Not very large at all. You may be using a separate room for making the product, but it’s not uncommon for you to work from the living room or kitchen, rather than having a dedicated space.
Just because you have a company, doesn’t mean you’re a business. And not using a company doesn’t mean you have a hobby.
You’re buying and selling to make a profit because that’s the bulk of your income. Perhaps you make a loss when starting up, or during difficult periods, but it’s not intended. If you don’t make a profit, you don’t eat.
A profit would be nice, even a small one, but it’s not expected. The money you spend on materials (which you’re probably purchasing retail, not wholesale), and the value of your time isn’t sufficient for you to rely on profit for income.
Whether or not an actual profit is made is not the important factor – it’s the intention to make a profit.
The work is undertaken for most of the day and on a regular basis. You’re unlikely to have a separate full-time job.
You spend time when you have it, so it’s sporadic. It could be during breaks in your working day (including as a stay-at-home carer), in the evening, or during the weekend.
Having to comply with rules and regulations in order to operate takes time (making sure you have appropriate internal processes in place) and money (paying subscriptions to professional organisations, or fees to government organisations. It’s unlikely you’d make this effort for a hobby.
You wouldn’t be paying fees or be governed by anybody other than yourself. If you make chocolate brownies to sell now and then*, you won’t want to be subject to the rules of the Ministry for Primary Industries, or want to comply with the Food Act 2014! Also important is that the people buying your brownies don’t expect you to follow those laws.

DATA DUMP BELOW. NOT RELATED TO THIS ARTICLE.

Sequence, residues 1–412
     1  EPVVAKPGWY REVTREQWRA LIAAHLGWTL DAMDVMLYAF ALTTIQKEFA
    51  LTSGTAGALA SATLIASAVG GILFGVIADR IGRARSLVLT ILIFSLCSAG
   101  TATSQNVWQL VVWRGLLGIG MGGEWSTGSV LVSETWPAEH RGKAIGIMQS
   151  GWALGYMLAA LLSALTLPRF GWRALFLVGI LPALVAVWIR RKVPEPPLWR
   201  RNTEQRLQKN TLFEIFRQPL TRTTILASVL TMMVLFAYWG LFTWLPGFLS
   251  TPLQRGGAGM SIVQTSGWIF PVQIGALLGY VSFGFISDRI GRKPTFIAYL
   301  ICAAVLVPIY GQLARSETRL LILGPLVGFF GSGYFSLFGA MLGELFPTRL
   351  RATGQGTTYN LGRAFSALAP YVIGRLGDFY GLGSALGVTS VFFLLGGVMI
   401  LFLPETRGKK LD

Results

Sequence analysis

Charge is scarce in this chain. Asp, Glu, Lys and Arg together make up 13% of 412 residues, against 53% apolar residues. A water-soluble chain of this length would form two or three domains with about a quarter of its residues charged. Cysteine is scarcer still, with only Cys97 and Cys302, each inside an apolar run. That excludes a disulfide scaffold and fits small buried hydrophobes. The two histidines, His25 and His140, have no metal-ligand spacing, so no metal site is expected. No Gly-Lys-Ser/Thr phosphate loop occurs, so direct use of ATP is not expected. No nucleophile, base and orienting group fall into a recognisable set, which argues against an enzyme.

* Whatever you end up not eating yourself!
Researching the industry before you start, preparing budgets and forecasts, going to the bank for a loan, all indicate that you’re operating a business.
You enjoy the limited time you spend on your activities. You don’t bother with a budget and generally confine your spending to what the household can comfortably afford. If you don’t have enough money for materials, or your time is limited, you’ll wait.
The main benefit of classifying your hobby as a business is being able to deduct (any) losses from your taxable income.
Not many ‘hobbyists’ would voluntarily declare profit and add to taxable income.
If you don’t expect or intend to make a profit, it’s highly likely your operations are a hobby and not to be included in your tax return.
It sounds harsh, but if you’re a business but making losses, it may be time to think of doing something else or change your business model.
Making consistent business losses is going to force you deeper into debt (to pay your household bills) and will be extremely stressful. Have a chat with family, friends, and business advisers to consider your options.